Shop front in the summer

Saturday, 29 March 2014

Making headway

Well as the title suggests we are making good headway with the winter works on our hirefleet. All the boats except 2 are going out this coming Friday, Saturday and the following Monday so Mrs handbag has been cleaning the boats and shampooing carpets. I showed her how the shampooer worked, we filled it up with water....wrong move....we then had to get it onto the boat :-( and unfortunately for us it was Sphinx, traditional stern with seats on the counter, the boat kept drifting out which made matters worse, we untied the ropes, pulled the boat back in, tied it up again, basically we were struggling whilst being ignored by Peter and Bernard, thanks for your help lads!!!!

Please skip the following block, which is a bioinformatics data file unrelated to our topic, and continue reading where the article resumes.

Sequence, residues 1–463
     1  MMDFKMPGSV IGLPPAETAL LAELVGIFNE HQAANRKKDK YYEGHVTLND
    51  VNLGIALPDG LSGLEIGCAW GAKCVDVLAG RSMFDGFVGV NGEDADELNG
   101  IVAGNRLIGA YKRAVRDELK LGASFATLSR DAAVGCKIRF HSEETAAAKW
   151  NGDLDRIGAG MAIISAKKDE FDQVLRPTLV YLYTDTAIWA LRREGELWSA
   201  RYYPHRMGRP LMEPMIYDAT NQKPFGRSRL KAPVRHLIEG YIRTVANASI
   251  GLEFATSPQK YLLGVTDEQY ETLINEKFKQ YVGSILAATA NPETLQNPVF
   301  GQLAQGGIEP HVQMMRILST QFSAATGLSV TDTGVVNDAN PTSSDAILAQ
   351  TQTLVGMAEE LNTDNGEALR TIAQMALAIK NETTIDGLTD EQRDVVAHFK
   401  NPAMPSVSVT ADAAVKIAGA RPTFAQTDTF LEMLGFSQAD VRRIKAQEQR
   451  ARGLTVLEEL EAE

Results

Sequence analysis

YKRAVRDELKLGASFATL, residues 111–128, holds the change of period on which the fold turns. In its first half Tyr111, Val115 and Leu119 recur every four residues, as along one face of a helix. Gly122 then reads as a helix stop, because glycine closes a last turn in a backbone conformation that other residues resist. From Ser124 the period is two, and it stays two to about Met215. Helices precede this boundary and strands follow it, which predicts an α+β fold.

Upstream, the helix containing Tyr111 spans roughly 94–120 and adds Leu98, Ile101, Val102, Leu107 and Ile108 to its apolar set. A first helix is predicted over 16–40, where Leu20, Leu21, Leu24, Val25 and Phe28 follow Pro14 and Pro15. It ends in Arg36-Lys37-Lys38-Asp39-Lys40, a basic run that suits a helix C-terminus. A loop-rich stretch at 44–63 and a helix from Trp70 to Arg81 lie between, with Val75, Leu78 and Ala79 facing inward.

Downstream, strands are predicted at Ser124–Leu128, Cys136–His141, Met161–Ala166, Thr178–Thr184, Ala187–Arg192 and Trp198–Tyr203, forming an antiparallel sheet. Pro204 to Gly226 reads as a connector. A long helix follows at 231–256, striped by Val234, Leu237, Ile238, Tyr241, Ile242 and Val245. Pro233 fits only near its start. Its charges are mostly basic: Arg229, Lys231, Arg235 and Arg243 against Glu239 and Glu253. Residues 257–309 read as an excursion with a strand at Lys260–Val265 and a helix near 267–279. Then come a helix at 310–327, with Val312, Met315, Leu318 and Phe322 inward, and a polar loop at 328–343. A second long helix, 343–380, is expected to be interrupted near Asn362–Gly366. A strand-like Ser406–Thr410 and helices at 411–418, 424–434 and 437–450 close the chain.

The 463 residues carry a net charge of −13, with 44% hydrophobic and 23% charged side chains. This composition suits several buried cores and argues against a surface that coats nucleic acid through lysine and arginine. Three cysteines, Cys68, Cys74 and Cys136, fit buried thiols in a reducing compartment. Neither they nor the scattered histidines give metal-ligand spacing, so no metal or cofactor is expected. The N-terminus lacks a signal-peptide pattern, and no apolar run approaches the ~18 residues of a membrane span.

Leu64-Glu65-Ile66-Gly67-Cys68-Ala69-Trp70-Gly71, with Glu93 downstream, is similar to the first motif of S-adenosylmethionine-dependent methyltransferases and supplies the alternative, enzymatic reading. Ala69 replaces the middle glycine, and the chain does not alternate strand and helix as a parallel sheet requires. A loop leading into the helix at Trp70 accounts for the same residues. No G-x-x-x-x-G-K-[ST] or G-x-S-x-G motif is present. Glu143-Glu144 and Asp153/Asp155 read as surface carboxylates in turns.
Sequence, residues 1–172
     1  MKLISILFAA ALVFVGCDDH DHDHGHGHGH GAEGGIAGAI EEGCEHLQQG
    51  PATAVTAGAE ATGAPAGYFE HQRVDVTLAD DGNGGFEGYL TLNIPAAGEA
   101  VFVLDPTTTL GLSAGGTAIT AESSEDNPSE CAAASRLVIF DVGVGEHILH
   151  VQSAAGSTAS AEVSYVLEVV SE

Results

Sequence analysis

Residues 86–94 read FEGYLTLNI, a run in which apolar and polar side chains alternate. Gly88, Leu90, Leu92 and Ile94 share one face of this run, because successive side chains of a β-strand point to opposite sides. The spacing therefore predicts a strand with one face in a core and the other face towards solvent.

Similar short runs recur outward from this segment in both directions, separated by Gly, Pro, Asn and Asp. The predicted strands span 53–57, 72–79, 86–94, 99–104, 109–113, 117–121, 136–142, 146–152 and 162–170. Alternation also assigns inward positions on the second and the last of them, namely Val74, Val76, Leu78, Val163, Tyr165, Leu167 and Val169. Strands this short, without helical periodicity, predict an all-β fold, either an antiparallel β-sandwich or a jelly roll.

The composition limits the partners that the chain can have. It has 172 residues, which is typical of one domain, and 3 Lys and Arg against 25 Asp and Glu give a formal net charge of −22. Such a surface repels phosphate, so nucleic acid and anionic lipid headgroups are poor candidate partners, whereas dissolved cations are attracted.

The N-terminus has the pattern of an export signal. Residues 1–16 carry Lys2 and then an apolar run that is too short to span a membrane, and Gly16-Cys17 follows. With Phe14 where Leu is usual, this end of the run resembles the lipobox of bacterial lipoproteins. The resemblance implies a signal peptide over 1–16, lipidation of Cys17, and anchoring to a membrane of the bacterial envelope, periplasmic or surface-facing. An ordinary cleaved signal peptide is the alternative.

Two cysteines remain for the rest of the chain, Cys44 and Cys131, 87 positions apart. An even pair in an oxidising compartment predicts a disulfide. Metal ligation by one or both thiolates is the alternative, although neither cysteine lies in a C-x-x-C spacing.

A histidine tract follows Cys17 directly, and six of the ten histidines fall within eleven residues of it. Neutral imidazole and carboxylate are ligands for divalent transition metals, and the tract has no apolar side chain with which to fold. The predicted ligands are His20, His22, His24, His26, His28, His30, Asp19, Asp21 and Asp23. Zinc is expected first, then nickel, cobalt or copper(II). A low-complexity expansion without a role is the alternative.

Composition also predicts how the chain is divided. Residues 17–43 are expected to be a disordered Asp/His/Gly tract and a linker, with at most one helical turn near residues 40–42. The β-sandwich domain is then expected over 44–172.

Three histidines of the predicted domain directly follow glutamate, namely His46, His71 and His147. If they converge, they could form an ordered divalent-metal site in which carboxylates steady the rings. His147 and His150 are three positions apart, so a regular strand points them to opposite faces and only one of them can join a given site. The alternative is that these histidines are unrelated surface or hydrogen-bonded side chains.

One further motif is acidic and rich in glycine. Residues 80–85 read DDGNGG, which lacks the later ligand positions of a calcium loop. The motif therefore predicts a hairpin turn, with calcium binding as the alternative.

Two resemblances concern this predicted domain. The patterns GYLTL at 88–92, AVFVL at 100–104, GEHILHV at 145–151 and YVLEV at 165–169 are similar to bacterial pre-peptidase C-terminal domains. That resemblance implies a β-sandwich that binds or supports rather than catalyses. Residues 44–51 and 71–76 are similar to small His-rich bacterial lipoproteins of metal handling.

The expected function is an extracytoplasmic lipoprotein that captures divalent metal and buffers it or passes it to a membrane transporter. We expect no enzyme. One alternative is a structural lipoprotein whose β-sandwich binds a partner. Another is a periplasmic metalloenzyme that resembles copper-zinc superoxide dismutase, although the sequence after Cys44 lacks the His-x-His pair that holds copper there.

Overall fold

Bernard has been looking at engines and generally making a nuiscance of himself.
Peter has been doing lots of different jobs from the winter work schedule on the boats, plumbing, varnishing and even a bit of painting.
The shop has seen lots of people through the door today, the weather has been glorious so lots of folk decided to visit Norbury, it's amazing what a bit of sunshine can do. The tea room has been busy for most of the day which has kept Denise on her toes.
We also had 3 day boats out first thing this morning which Peter duly showed out, all returned on time and all had a great day.  As soon as they landed Mrs handbag cleaned them as they are all out again tomorrow.
The blogs will being starting to get longer and more interesting from now on as there will be more things to talk about as we are starting to get much that's it from me, until next time, byeeeeeeee, Ange.

Friday, 28 March 2014

Getting Afloat - Part 5

Peter Underwood looks what turns ordinary people into boaters